Most devices can be customized to deliver pulses in varying patterns. For example, an expert might recommend a constant pulsation, a repetitive rhythm, or bursts of pulsations followed by breaks with no flow. But there’s not enough research to solidify which approach is best, let alone for which conditions.

The most probable theory asserts that TENS units activate the spine’s nervous system by stimulating the production of your body’s built-in painkillers like endorphins and glutamate. There’s also the gate theory, which suggests the brain can’t perceive two stimulants at once. So, the TENS sensations override the pain sensations.

Some experts also think that TENS units cause dilation of blood vessels in targeted tissues, which could impede pain sensations. But again, the pros don’t know for sure.

While we don’t have conclusive research that proves TENS units work on back pain. In a 2022 review, scientists concluded that the majority of research suggests that the effect of TENS on pain control remains undecided. But, some promising studies allege TENS units might relieve back pain. For example, a 2021 review looked at 169 studies on TENS for sudden and chronic pain. They found that TENS offered pain relief across 69 studies, zero benefits in 13 studies, and inconclusive evidence in 87 studies.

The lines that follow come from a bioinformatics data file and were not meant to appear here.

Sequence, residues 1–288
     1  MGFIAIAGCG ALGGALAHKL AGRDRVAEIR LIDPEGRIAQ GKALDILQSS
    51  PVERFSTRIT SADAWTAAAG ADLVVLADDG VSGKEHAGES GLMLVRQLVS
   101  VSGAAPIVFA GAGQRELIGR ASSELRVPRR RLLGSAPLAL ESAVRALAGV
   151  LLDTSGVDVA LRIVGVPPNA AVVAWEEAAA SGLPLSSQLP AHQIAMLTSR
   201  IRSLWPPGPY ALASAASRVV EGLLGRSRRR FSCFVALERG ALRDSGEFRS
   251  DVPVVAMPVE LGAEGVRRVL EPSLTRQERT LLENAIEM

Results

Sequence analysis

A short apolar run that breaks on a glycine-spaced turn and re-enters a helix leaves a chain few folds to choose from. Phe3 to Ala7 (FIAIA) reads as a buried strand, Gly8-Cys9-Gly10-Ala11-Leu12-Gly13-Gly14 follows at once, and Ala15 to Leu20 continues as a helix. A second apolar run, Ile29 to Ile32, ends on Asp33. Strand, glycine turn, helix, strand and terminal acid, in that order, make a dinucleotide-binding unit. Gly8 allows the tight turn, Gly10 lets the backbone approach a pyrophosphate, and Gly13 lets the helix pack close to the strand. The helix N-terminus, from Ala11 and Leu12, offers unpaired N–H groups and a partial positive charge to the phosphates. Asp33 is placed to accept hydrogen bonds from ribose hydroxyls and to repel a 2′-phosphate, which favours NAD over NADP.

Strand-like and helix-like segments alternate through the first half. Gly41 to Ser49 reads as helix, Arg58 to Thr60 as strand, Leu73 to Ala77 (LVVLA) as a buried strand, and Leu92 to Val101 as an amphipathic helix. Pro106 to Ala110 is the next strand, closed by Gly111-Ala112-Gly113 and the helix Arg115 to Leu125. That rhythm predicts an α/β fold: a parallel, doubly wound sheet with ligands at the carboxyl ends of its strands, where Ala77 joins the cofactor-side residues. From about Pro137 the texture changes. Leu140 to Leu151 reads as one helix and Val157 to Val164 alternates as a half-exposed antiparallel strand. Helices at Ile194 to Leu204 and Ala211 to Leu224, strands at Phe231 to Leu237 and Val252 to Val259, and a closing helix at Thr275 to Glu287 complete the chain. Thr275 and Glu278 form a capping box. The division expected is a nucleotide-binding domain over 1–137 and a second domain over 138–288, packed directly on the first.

Some other relevant studies include:

  • In a small 2021 study of 50 participants, researchers concluded that TENS therapy didn’t reduce pain scores in people with chronic low back pain compared to the control. However, the TENS-treated group had significantly higher tolerance to pressure applied after the 4-week therapy. So, while it didn’t reduce overall pain scores, it did seem to boost pain tolerance.
  • A 2023 review on TENS use for general acute pain found that in six clinical trials, active TENS worked better than placebo TENS. However, since the instructions and timing for pain reporting were inconsistent, researchers said there’s a risk of unreliable results.

FYI: Some healthcare pros give it the green light. TENS units are used in many medical settings, and some doctors, nurses, and other healthcare pros say they’ve seen them work first-hand. How well it works seems to depend on the individual and the condition being treated, though. For instance, they do appear at least anecdotally to work well to aid in rehab after an injury.

But… It seems to only provide short-term pain relief, if any. If TENS units work at all, it may be because they interfere with the body’s pain perception response in the short term. So far, there’s no evidence that electrical pulsations have a long-term effect on the body. So you’d have to keep wiring and firing your device to see results.